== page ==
Ron Paul on Cronyism in the NDAA

Campaign for Liberty Chairman Ron Paul recently penned an op-ed for Foxnews.com on how a provision in the 2018 National Defense Authorization Act (NDAA) forbidding the military from using Russian launch technology benefits one powerful company.

Read the op-ed here and below:

Behind the high-minded rhetoric surrounding many government programs, there often (or even usually) lies some grant of special privilege to a powerful business interest. The most well-known example, of course, is ObamaCare’s individual mandate creating a guaranteed market for insurance companies. However, the most common hiding place for corporate welfare is the Pentagon. Hawkish politicians love sticking gifts to big corporations in the yearly National Defense Authorization Act (NDAA). So it is no surprise to find an example of cronyism in the Fiscal Year 2018 NDAA, which the Senate is expected to vote on this week.

Specifically, Section 1615 of this year’s NDAA expressly forbids the Air Force from developing new launch vehicles by restricting expenditures to the development of new engines or the modification of existing systems. This prohibition is supposedly designed to address the “Russian threat” -- a threat manufactured by those seeking a new Cold War. In addition to flaming anti-Russian hysteria, this provision makes the company SpaceX the only affordable option for launch services.

For obvious political reasons, Washington wants to phase out the use of Russian-manufactured RD-180 rocket engines. However, as former Air Force Secretary Deborah Lee James made clear, the Department of Defense "would strongly prefer to not have to pay for the development of an RD-180 engine replacement that would benefit only one launch service provider."

Allowing SpaceX to obtain a monopoly over launch services harms taxpayers much more than forbidding the Pentagon from purchasing Russian products harms Vladimir Putin. If this provision becomes law, SpaceX will be able to charge the government more than they could in even a quasi-competitive market. This monopoly will also stifle innovation in rocket launching technology.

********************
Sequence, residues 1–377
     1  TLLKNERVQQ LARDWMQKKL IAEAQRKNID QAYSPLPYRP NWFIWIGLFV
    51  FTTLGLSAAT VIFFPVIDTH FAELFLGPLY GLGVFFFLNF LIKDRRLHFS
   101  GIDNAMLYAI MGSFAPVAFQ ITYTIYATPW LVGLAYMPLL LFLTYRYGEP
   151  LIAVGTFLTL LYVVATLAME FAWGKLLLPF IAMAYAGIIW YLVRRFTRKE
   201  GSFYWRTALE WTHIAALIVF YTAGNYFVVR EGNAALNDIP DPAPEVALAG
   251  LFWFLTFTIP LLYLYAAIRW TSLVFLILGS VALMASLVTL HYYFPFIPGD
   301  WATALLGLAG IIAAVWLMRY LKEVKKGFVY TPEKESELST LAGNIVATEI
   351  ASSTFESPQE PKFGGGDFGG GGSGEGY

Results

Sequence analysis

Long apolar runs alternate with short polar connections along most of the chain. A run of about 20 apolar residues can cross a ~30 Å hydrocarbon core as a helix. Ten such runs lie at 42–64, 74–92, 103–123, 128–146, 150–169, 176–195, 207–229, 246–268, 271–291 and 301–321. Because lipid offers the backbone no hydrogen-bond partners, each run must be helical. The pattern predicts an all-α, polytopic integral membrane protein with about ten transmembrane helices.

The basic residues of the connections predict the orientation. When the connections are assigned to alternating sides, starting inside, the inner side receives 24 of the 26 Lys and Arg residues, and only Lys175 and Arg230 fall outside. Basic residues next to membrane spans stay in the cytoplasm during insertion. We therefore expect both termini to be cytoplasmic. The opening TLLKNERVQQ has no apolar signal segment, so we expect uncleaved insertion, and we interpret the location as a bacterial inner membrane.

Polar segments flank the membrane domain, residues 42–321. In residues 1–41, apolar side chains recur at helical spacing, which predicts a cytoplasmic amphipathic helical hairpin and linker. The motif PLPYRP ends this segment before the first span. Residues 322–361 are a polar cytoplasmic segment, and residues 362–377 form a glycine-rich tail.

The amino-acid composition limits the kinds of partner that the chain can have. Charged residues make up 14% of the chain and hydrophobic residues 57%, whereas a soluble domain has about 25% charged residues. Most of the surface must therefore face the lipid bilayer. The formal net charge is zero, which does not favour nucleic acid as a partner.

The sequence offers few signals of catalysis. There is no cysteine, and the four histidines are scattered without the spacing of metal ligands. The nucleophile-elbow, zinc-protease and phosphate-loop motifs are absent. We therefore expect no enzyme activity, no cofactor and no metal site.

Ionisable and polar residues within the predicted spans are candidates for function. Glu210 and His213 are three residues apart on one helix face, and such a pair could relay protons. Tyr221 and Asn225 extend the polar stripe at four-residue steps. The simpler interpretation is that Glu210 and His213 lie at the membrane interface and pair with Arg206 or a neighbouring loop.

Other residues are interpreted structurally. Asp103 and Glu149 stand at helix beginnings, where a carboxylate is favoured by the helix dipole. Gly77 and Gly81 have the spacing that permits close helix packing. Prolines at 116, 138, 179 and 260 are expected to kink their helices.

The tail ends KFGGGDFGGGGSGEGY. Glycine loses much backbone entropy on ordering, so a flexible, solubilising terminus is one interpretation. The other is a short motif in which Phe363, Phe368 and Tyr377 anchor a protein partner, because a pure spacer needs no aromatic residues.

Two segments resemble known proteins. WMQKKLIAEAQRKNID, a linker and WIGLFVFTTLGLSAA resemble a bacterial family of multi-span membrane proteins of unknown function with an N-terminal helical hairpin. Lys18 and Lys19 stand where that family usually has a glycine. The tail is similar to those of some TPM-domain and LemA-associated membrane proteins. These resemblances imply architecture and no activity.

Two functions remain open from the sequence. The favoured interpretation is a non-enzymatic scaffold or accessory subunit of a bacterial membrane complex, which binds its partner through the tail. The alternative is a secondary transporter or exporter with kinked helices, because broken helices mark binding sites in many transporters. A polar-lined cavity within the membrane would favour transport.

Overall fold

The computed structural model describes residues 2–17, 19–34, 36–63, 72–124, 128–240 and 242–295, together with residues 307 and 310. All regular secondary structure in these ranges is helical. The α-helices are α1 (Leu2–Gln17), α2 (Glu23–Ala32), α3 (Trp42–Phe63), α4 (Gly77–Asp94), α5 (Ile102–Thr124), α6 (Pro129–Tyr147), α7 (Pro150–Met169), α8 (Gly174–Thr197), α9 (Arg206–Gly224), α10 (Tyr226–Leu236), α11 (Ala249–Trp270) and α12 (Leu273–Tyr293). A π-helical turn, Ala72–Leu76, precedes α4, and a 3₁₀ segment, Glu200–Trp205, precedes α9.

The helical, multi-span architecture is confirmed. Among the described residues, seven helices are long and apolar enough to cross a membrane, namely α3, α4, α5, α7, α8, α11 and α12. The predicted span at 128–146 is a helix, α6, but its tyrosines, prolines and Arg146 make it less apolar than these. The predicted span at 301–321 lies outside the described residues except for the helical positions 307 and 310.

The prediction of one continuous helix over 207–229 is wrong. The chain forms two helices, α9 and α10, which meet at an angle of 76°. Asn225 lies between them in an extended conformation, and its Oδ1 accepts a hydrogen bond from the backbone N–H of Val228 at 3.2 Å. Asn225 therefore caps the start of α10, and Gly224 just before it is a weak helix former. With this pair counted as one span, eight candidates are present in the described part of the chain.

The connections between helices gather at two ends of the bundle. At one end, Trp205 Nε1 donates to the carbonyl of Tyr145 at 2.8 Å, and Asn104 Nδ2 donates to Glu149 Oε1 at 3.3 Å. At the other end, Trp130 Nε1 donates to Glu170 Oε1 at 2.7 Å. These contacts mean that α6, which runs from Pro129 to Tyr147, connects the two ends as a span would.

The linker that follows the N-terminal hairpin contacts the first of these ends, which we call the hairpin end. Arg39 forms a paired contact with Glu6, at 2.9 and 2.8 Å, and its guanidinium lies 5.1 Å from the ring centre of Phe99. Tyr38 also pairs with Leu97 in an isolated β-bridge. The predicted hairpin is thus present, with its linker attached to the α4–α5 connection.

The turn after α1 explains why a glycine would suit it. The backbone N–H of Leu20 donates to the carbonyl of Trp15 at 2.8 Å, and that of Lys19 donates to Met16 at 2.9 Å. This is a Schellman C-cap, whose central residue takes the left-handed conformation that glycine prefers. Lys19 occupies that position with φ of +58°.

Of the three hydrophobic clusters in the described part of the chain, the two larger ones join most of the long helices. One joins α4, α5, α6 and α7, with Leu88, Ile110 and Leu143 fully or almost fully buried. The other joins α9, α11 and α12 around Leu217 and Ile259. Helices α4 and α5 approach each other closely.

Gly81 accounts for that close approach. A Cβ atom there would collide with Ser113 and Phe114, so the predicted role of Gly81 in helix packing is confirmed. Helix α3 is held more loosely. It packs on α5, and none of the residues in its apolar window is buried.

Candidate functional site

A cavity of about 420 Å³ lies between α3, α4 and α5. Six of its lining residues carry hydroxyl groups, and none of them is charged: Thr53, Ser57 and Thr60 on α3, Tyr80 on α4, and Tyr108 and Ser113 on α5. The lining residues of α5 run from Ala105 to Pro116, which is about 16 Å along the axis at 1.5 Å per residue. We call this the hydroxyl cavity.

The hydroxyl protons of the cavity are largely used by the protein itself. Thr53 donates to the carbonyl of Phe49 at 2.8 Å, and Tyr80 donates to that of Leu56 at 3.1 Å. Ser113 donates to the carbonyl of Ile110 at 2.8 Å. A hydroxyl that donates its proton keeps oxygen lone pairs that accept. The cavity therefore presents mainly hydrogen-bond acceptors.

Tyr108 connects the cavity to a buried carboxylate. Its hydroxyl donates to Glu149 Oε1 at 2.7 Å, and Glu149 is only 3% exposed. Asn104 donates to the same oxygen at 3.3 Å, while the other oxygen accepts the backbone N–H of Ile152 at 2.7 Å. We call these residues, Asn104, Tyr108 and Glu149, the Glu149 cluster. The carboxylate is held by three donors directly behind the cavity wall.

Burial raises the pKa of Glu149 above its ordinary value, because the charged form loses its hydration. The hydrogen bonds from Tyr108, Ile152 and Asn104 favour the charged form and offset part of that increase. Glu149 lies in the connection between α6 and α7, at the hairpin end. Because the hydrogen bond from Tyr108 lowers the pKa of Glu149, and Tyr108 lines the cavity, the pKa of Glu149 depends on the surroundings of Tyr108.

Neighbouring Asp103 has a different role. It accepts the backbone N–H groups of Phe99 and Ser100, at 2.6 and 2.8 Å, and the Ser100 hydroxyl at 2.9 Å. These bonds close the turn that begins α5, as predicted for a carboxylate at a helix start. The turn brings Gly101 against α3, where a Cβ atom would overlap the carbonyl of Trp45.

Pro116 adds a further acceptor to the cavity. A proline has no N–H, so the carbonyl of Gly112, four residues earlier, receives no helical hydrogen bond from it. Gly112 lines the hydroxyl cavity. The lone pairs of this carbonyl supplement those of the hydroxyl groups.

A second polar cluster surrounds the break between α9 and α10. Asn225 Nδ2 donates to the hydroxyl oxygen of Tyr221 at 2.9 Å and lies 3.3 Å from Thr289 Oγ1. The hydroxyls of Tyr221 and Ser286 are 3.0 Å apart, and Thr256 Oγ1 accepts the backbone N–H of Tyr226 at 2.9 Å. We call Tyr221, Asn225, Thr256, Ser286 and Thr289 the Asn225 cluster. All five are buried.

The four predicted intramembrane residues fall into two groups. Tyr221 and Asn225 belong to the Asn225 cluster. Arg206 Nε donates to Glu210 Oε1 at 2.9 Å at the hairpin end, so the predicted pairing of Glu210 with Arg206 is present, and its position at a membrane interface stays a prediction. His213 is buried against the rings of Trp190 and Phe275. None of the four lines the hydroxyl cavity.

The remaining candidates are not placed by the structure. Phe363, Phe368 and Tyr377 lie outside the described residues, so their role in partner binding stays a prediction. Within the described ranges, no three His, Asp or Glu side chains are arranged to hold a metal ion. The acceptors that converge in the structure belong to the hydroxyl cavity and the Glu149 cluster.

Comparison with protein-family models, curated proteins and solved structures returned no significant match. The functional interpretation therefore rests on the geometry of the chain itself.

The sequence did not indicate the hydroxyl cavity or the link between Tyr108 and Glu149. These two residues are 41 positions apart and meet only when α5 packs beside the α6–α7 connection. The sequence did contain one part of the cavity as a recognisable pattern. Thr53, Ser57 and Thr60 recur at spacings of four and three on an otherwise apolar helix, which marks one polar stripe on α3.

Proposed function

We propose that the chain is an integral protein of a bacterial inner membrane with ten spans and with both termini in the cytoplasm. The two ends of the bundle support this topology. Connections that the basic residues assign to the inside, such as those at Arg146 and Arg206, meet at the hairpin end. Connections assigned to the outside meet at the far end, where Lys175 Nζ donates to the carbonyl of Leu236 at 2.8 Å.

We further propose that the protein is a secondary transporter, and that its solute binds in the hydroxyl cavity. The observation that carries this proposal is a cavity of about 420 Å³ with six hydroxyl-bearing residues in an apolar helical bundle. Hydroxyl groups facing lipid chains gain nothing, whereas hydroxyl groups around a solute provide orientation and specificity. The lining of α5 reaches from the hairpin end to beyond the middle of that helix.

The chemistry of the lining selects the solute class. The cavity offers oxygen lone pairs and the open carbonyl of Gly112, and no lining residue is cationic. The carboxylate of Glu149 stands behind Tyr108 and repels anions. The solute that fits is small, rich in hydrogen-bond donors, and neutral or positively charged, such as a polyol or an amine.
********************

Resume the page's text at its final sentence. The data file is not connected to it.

Despite the numerous public statements by SpaceX CEO Elon Musk decrying crony capitalism, SpaceX would not exist without government contracts and subsidies. According to The Wall Street Journal, government contracts account for about 70 percent of SpaceX’s contracts. U.S. taxpayers have provided SpaceX more than $5.5 billion in the form of Air Force and NASA contracts.

SpaceX’s reliance on government subsidies lead it to behave in ways that distort the political and policy process. Companies like SpaceX have an incentive to invest in lobbyists and campaign contributions to keep the government money flowing. These companies shower their largess on powerful politicians whose political or ideological agenda dovetails with the companies’ demand for taxpayer subsidies.

The union between politicians seeking to grow the welfare-warfare state and businesses seeking special favors from government solidifies the forces of big government’s control of Capitol Hill.

A perfect example of how this system works against the taxpayer is the relationship between SpaceX and Senate Armed Services Committee Chairman John McCain, R-Ariz. Elon Musk is a generous donor to both Senator McCain’s campaigns and the McCain Institute, while Senator McCain has in the past been a lead sponsor of provisions that would give SpaceX a monopoly on launch services.

I do not mean to suggest that Senator McCain is helping start a new Cold War to receive donations from SpaceX. Anyone who knows John McCain knows he does not need financial incentives to promote a belligerent foreign policy. Rather, SpaceX supports John McCain because his policy preferences coincide with their business interests.

I rarely agree with Pentagon officials, and it is rare that I am on the same side of questions involving military spending as President Trump. However, the president and the Pentagon brass are correct in that this protectionist provision should be removed from the NDAA. It poisons relations between the U.S. and Russia to benefit one company. Killing this piece of cronyism would be a great way to start draining the swamp.

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